One of my favorite science sources... the portal of the IUCN/SSC Cat Specialist Group, which is dedicated to the understanding and conservation of the world’s 36 wild living cat species. This is one of the 100+ specialist groups forming the Species Survival Commission (SSC) of the World Conservation Union (IUCN). News, study reports, and fact sheets provide the latest information on the 36 known species of wild felines.

Friday, January 13, 2006

Ants Teaching Ants

A startling report by British researchers says that ants do not just operate by instinct, or by mimicking the behavior of older ants. Ants engage in active (albeit limited) teaching and learning. An ant that finds a food source will lead another ant to it, even though the "teacher" ant has to slow down, wait, or redirect the "learner" and thus delay its own meal. Not bad for a creature with a microscopic brain.

Thursday, January 12, 2006

NASA's Budget Heading for Trouble

According to, the NASA budget, after two years of modest increases, is going to be slashed in FY07. If they want to keep the Vision for Space Exploration on track, the only thing left to cut is the Shuttle program. The Shuttle is currently planned to fly 19 missions before retirement: 18 to the International Space Station and one to service the Hubble Space Telescope. A major cut will, unavoidably, mean reneging on committments to international partners. No matter what one things of the value of the Shuttle, this is very disruptive and will create severe problems with future international projects in space and non-space areas.

A flourescent green pig

Taiwanese scientists have bred a transgenic pig that is - inside and out - a flourescent green color. This actually does have applications in medical research, but it's still very strange.

What's next? Making one that flies?

Tuesday, January 10, 2006

NASA and Advanced Propulsion

NASA Administrator Mike Griffin essentially told an audience that, even though advanced propulsion system research was needed for exploration beyond Mars, it would not be funded. While it's refreshing to have an Administrator who faces the reality of limited funds and the need to prioritize, the complete dismantling of research in this area is short-sighted in the extreme. An affordable level of studies and small-scale demonstration projects is needed to keep the intellectual capital in place to allow this research to be ramped up again in the future. After all, there's no commercial demand for nuclear thermal or solar sail propulsion systems: without NASA support, the people and facilities capable of working on this problem will dissipate, and a future administrator will have to face the enormous difficulty and expense of reconstituting propulsion work from scratch. Mr. Griffin has made many good decisions, but this most definitely is not one of them.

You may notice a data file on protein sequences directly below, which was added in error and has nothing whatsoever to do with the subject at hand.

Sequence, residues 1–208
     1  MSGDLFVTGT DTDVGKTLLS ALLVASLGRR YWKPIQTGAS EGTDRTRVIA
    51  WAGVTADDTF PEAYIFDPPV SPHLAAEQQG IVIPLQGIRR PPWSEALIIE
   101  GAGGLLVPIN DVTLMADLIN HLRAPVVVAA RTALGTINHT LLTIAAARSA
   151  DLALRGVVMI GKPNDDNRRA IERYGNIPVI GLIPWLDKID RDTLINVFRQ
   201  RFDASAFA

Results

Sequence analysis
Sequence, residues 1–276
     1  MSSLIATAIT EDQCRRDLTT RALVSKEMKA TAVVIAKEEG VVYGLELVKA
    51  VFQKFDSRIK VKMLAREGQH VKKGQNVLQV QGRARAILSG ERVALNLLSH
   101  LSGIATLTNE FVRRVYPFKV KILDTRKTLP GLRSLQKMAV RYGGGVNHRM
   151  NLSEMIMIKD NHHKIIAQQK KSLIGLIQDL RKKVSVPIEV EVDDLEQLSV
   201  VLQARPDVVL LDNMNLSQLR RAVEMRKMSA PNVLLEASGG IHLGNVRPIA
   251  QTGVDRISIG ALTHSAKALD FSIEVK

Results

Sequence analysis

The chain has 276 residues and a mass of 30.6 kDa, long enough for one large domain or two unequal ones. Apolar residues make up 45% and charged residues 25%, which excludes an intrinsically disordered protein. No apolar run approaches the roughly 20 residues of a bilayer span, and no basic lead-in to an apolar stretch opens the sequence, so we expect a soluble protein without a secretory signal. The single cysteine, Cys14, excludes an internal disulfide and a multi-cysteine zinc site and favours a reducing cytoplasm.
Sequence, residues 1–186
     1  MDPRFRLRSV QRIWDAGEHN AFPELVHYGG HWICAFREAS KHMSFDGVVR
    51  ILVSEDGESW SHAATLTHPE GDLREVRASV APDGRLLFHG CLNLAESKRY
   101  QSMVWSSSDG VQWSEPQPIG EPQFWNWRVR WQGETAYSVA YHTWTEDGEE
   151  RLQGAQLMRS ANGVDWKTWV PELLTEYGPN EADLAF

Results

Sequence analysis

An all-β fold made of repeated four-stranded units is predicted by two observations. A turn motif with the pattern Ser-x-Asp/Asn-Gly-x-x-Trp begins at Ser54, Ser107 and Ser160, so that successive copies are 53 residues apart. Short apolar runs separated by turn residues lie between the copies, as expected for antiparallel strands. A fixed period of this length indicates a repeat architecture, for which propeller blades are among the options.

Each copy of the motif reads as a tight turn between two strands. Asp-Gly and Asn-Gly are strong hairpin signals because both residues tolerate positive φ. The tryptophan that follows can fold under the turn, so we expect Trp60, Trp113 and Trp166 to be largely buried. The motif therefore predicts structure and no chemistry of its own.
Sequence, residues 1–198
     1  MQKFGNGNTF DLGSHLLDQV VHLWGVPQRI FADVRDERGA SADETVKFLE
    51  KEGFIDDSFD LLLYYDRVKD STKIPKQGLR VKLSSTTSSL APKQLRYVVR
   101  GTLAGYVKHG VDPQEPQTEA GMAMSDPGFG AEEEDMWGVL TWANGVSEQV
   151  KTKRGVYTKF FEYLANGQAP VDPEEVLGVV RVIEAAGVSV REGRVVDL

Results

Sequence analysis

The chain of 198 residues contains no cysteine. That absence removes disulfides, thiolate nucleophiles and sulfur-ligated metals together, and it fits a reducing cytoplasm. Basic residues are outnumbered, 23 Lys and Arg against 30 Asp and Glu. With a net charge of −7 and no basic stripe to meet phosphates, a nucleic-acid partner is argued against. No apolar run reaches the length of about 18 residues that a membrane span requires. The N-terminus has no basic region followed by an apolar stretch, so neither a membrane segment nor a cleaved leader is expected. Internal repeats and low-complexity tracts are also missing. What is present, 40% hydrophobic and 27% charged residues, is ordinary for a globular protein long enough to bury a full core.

Friday, January 06, 2006

Whales Speak in Dialects

A very interesting discovery by scientists including David Mellinger of Oregon State University is that blue whales living in different ocean regions make diffect sounds or combinations of sounds when they vocalize. As Mellinger put it, "The whales in the eastern Pacific have a very low-pitched pulsed sound, followed by a tone. Other populations use different combinations of pulses, tones and pitches." Mellinger notes that we do not know if some of the difference is genetic, or if it's all a matter of "dialects" a whale learns from its parents and others as it's growing up.

Tuesday, January 03, 2006

"Monster Mice" - evolution in action

Let loose in an environment with abundant food and minimal competition, mice on Gough Island in the South Atlantic have evolved into largely carnivorous bird-eating "monsters" three times normal size. One wonders if these will eventually diverge enough to be considered as a new species - if they don't wreck the island's entire ecosystem first.

A "Must See" look into deep space

This photograph, described by many colorful names like the "Skull and Crossbones" or "Cosmic Mandrill," shows the stellar cluster NGC 2467. This is a very young feature, no more than a few million years old, which is described as a stellar nursery where new stars are cosntantly being born.

Comment: There is not only scientific majesty in the universe. There is beauty which appeals to us on a higher, more spiritual level. That's one of the things about human beings that no science can as yet explain - why we find beauty and wonder in images like these.

Monday, January 02, 2006

Mars Rovers - Going Strong

The Mars rovers, Spirit and Opportunity, are still going, having extended their 90-day mission through a full Martian year (667 Earth days). They have taken innumerable surface samples, sent back over 130,000 pictures, and covered over five kilometers of the Martian surface. This program is one of NASA's genuine triumphs. Kudos to all involved.